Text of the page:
vendredi, décembre 2, 2022

Malcolm Fowler

This lawyer of such renown, who had achieved so much in the field that already have been described.  I found out that we are sharing a platform with him. I was terrified I had absolutely no need to be.  He was in a very real sense I agree an ordinary person. He was ordinary in a sense that he had a common touch that was not an arrogant bone in his body.

I remember one said got over my stage fright and got to know what a wonderful human being he was. I remember how inspiring was to share those platforms.  And my goodness there was strange occasions I remember, occasions sharing with him and others far more distinguished than myself, sharing a platform in Stockholm, a wonderful city, on a beautiful day but you had some fellow feeling for the old fashioned stump of MPs in the hosting, in the bitter cold and in the rain, because as the day went on and as the brilliant speeches where delivered one after the other, you could see with some trepidation the sun slipping further down in the sky, and you knew that it was a race against time as to whether you delivered your speech before the sun disappeared and you were frozen, did we care we did not because we were led by a fine lawyer and a fine humanitarian. For him we would have walked on glass. That’s a very fine memory that I shall take away with me just something very ordinary, something that will stay with me.

I speak on behalf and suppose really on behalf of 120.000 solicitors. We have considerable and huge debts to him for supporting the cause of solicitors and their advocacy rights.  He saw that that was right and what then everybody else thought if it was right, it was right. And if it was wrong, it was wrong.  It was no room for compromise or hedging one’s bets or calculating the fiscal costs or the political …. There were no such. He was a true lawyer and he made me proud to belong to my profession.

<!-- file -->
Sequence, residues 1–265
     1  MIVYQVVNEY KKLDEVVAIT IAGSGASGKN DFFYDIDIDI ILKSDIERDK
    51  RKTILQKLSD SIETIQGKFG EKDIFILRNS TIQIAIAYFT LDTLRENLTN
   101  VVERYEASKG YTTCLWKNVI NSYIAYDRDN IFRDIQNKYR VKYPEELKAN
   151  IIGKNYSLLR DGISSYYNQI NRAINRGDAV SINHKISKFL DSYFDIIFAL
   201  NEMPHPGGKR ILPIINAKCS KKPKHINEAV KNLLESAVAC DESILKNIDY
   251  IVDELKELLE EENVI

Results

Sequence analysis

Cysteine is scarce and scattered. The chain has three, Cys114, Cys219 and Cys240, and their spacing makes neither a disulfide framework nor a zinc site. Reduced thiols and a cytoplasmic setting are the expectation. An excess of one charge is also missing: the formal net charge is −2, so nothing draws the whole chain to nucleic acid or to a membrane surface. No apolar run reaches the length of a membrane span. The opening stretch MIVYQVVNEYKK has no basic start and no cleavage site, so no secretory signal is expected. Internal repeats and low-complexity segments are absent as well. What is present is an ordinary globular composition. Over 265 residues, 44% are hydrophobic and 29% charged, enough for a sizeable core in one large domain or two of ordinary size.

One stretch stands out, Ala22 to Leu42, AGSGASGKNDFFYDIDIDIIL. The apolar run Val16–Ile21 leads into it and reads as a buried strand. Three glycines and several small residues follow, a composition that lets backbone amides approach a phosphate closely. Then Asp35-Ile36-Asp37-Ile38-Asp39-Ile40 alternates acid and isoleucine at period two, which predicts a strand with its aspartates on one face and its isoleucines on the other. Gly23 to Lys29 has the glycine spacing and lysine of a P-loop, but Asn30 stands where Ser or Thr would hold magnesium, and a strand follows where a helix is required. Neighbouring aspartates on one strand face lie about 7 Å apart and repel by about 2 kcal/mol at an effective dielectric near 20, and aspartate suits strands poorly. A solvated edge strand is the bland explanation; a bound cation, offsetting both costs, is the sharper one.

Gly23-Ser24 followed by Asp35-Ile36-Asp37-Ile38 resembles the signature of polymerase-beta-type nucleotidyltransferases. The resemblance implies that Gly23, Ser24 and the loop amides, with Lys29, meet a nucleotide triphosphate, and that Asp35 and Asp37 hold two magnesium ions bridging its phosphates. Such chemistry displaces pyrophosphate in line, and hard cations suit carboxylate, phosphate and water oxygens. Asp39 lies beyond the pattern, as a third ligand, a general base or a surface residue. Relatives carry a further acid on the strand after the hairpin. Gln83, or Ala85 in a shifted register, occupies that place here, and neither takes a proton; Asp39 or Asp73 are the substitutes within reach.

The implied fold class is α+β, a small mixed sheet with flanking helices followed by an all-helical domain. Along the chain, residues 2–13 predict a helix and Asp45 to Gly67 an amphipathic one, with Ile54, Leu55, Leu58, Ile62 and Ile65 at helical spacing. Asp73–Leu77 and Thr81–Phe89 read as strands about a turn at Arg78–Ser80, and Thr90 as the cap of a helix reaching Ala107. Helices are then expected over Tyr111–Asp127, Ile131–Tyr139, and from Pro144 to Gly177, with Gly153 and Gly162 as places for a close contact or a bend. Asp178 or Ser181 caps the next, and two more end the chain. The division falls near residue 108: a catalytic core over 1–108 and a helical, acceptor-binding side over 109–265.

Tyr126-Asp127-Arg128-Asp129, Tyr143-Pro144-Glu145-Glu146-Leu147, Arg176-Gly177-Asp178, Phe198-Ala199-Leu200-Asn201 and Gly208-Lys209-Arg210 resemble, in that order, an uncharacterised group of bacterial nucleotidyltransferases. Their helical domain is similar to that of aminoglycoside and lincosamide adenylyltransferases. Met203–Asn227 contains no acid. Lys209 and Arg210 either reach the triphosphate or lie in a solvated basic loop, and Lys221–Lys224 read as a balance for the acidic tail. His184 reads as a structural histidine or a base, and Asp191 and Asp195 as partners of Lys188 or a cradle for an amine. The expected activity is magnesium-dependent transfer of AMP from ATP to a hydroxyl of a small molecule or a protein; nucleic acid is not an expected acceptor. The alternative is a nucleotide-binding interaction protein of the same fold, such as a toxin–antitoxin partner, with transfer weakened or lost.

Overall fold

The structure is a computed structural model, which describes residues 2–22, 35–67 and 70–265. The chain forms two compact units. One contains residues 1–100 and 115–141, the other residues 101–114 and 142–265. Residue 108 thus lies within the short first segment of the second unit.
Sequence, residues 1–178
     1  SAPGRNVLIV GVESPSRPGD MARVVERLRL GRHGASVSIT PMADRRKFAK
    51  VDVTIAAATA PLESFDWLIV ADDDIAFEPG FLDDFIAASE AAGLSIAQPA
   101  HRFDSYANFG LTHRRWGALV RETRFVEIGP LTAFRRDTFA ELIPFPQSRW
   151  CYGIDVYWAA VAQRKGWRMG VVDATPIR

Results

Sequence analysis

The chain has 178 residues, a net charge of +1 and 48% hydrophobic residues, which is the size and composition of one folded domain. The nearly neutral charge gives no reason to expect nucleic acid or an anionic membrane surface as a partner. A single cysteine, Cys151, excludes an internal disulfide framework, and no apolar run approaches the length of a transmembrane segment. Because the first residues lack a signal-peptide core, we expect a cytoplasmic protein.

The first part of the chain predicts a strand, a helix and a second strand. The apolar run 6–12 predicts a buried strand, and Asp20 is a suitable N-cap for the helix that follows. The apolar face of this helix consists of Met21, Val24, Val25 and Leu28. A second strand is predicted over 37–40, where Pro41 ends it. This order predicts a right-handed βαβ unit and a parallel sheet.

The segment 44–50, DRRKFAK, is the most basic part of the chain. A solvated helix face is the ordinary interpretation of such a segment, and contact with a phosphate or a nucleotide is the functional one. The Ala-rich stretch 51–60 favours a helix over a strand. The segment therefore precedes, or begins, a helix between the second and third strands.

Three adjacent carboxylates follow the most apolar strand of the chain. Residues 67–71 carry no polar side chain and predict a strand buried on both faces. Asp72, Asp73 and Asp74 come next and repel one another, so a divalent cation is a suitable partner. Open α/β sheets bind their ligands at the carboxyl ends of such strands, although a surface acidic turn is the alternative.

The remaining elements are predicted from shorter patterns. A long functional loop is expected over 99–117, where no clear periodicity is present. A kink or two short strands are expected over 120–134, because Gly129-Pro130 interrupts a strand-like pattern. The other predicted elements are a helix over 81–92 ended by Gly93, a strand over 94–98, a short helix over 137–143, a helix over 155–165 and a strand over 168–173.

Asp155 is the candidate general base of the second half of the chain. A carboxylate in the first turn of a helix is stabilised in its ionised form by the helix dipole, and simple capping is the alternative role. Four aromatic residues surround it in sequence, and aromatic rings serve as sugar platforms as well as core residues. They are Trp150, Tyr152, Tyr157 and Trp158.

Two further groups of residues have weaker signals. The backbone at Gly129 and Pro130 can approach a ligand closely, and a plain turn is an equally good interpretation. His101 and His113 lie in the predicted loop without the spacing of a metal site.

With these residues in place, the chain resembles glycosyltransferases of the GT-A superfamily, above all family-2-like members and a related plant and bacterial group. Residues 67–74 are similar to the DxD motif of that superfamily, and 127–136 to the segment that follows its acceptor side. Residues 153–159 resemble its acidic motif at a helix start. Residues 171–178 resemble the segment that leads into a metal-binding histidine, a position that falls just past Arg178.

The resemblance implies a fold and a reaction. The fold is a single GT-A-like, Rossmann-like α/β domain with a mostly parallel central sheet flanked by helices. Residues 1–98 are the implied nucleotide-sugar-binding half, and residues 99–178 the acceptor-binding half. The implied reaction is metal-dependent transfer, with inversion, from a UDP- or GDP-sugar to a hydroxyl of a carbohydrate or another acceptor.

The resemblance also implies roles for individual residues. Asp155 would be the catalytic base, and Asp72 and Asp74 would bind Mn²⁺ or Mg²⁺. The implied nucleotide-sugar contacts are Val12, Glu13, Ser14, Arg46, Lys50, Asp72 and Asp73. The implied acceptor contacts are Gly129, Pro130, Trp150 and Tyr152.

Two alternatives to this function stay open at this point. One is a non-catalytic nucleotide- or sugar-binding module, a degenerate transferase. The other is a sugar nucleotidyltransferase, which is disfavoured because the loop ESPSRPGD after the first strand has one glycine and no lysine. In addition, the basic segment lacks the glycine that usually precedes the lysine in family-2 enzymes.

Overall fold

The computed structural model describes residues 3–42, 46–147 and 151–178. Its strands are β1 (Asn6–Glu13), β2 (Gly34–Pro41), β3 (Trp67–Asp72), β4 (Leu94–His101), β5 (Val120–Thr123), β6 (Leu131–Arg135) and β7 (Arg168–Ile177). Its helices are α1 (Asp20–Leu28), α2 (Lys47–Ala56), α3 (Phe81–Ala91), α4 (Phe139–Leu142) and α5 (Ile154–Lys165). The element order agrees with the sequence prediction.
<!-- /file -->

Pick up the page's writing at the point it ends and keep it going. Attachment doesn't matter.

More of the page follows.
I had delivered an earlier address following his death outside the Iraqi embassy.  I have been told an hour before. It was a poor speech.  I could hardly get my words out. But I must pool myself together as I we have been urged by other speakers who preceded me. And we must rededicate ourselves to this so important cause, a cause to which gladly he gave every conceivable waking minute.

A friend of mine, Mahmoud, of the movement, shared with me another memory of Lord Slynn and it was to do with one of the many seventeen court hearings in Europe. It was about 2 in the morning, someone suggested Lord Slynn that he should get some rest, because they were in the court in the morning.  He brushed it off. “This is too important”, was the message and no one dared to argue with him anymore.

We must remember things we learned. It makes us better people, we can hope. It will make us worthy of him. Because we all know now what he would have wanted. We know what he would have approved off. No wordily words. No tears. But a redoubling of our efforts whatever we have done and however hard we have tried. However much time we carved out from my busy schedules to do what we can for this cause that must be redoubled or in our different ways. I hope all that make sense. I am deeply moved as I spoke. And I thank you for the opportunity to come here and say these few words and it’s a privilege to know that the family are here to hear.
Thank you very much.

 

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